Ikigai – Immortalised 

Find out more about HS student Anshika B.'s experiences at the Ted-Ed Student Talks 'Ikigai' virtual event held last April in her article "Ikigai Immortalized." Thank you, and kudos on a job well done, Anshika!
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In a period as taxing as the Covid-19 pandemic, it seems daunting to transmit important ideas, advocate and educate. ISKL’s Ted-Ed event in April this year has genuinely exemplified that it doesn’t take street protests or even physical lessons to champion change.

The club this year culminated in a successful virtual event, not only garnering hundreds of views but encapsulating its overarching theme, ‘Ikigai‘ – a Japanese term denoting ‘a reason for being.’ A continuation of last year’s virtual Ted-ed event ‘Shakti‘ (the Sanskrit term for power), members returning and new to speaking came equipped with groundbreaking ideas directly relevant to this modern day.

Be it Eli C.’s (‘24) controversial yet necessary take on same-sex relationships, Devina G.’s (‘22) thought-provoking speech regarding advertisements and their subtextual sexism, or Rea B.’s (‘24) intriguing and insightful speech regarding the endemic ignorance of the wealthy – each address strayed an out of the box–a necessity in teaching.

Our talented ensemble of speakers from all High School grade levels through 9 to 12 spent weeks drafting, crafting, and refining their pieces. Despite their unique speaking and writing styles and flair, each member shared a common desire to invigorate change and inspire controversial thinking.

My personal favorites were Yik Khai Y.’s (‘21) speech about Malaysian traffic and the life messages they inspire, laden with hilarious yet masterfully crafted extended metaphors. Also, Rebecca F.’s (‘22) beautifully written and delivered talk on the beauty of life, overpowered by capitalist values, and Kaila F.’s (‘21) experiences with ‘blackfishing,’ transmitted into a speech both captivating and crucial. The club execs also took part and delivered speeches such as Evi B.’s (‘21) speech regarding historical lessons, Diya N.’s (‘21) speech on exploring limits, and my speech on the societal centrality of marriage.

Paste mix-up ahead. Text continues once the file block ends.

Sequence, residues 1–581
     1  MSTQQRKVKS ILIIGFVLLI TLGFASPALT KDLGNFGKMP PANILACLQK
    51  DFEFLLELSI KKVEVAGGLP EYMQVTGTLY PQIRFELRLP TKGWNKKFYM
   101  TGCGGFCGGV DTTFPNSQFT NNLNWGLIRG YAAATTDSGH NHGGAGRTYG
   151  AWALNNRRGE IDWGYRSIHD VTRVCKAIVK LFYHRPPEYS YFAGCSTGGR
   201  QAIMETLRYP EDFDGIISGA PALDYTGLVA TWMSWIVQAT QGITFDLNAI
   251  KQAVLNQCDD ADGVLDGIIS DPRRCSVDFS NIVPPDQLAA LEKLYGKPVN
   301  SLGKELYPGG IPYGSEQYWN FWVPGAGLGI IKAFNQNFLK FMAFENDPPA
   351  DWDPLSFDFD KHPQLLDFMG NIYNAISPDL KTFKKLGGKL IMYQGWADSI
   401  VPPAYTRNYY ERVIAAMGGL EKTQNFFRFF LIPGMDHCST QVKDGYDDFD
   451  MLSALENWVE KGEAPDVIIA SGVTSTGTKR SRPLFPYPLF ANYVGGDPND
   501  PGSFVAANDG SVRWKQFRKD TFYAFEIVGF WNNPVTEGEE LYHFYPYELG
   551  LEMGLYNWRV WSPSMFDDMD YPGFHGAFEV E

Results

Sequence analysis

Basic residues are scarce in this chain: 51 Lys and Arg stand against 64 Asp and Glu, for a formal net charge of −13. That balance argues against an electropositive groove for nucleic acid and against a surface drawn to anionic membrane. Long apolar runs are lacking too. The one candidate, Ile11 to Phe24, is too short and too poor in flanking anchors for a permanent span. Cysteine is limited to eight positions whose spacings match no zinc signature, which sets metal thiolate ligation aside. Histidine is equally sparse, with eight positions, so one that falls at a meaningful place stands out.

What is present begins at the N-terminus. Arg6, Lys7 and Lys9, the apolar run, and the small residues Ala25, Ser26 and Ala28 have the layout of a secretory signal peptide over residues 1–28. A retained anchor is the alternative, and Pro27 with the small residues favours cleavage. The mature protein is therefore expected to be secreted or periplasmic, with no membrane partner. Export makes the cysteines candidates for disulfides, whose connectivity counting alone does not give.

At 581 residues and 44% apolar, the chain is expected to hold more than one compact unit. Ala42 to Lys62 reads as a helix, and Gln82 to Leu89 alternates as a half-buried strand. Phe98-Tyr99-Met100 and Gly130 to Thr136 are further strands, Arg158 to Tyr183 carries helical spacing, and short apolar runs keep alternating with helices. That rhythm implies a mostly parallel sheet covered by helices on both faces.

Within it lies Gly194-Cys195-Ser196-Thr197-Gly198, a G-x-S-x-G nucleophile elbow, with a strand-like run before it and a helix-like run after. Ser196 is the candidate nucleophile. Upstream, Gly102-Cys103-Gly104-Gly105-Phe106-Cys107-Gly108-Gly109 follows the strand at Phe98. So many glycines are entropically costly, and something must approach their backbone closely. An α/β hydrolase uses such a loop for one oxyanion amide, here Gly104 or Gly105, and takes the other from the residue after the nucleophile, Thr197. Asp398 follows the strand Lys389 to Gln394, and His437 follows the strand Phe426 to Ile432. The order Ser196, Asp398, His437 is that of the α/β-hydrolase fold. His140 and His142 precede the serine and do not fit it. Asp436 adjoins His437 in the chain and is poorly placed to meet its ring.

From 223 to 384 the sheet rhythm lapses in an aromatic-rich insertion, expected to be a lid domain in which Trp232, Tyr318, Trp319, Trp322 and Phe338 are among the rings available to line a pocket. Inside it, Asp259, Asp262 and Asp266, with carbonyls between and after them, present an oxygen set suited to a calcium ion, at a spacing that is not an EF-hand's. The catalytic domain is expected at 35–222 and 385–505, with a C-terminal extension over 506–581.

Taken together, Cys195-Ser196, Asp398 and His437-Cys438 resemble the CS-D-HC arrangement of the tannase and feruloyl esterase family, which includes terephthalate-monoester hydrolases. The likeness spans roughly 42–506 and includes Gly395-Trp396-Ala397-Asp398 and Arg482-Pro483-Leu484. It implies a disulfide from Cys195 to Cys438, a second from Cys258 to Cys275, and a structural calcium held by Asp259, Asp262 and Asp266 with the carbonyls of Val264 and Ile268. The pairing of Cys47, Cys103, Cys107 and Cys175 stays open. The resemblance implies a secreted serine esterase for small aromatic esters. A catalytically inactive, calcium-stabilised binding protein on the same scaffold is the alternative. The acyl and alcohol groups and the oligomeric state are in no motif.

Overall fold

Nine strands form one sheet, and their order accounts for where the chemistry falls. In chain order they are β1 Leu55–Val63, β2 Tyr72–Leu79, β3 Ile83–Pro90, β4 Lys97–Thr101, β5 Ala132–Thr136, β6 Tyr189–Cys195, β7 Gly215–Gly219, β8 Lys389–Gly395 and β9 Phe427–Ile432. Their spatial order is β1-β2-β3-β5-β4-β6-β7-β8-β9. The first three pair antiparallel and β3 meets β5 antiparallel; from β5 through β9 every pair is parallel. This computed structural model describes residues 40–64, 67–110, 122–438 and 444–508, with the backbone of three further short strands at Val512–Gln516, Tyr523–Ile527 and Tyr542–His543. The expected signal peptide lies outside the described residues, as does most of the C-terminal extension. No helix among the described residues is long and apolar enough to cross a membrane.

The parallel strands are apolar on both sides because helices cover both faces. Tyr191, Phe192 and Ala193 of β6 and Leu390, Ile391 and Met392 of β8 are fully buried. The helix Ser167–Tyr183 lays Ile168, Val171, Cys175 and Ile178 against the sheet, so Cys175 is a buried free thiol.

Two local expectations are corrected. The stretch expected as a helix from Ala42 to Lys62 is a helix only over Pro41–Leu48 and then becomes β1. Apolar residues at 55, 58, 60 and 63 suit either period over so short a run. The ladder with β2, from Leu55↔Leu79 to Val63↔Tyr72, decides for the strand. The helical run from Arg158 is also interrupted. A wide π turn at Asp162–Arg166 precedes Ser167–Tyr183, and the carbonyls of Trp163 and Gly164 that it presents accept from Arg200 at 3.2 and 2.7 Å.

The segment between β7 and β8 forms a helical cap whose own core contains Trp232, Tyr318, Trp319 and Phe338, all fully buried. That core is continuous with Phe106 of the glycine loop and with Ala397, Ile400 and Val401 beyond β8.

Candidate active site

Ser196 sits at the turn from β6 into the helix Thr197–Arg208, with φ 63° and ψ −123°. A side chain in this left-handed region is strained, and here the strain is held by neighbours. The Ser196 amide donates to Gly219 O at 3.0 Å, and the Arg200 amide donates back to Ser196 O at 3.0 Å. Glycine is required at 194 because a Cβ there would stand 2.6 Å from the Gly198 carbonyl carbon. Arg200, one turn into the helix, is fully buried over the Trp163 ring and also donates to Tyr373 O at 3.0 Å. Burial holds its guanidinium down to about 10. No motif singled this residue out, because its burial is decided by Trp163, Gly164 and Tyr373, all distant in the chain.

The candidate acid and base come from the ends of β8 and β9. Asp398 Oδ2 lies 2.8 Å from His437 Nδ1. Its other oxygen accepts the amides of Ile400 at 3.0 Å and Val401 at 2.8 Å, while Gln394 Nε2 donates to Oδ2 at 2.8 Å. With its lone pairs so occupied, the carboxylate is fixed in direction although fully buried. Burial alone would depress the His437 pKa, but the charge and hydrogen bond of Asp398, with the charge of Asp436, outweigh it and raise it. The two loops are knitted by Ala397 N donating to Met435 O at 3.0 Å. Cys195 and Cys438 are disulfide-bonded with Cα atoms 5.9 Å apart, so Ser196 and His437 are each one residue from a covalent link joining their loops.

Beyond the speeches mentioned (not every single one has been raised, for instance, Erica H.’s (‘22) similarly compelling views on money as a life goal), our entire ensemble of speakers and several extremely generous people were crucial in guiding us.

We would like to heartily thank our wonderful supervisor Ms. Caroline Tan, with whom we experienced an enriching yet short-term partnership. In addition, Ms. Sesha Kalimuthu, Mr. Mush Mustafa, and Ms. Catherine Gresse, whose expertise and hard work was pivotal in actually making this event happen, be it for marketing or technical logistics.

The best part about the virtual format is that the event has been immortalized – one simply has to click this link to see the beautifully designed Google Site for the event or rewatch the live stream in its original form here. The speeches will also be published on the Ted-ed Student Talks official Youtube channel, and for a glimpse at last year’s Ted-ed event Shakti, the Google Website is viewable here.

If you couldn’t attend the event, I would highly encourage and request that you take a short portion of your day to enjoy one, two, or perhaps several of these powerful Ted-ed Student Talks.

Support friends who might have given a speech or peers who may have extended themselves out of their comfort zone in joining this club yet did so brilliantly. These messages will continue to advocate, educate, and empower on this timeless message of Ikigai in the coming years ahead.

This piece was written by Anshika B. (’22), current President of the ISKL Ted Ed-Club, where she talks about her experiences at the Ted-Ed Student Talks ‘Ikigai’ virtual event on April 1, 2021!

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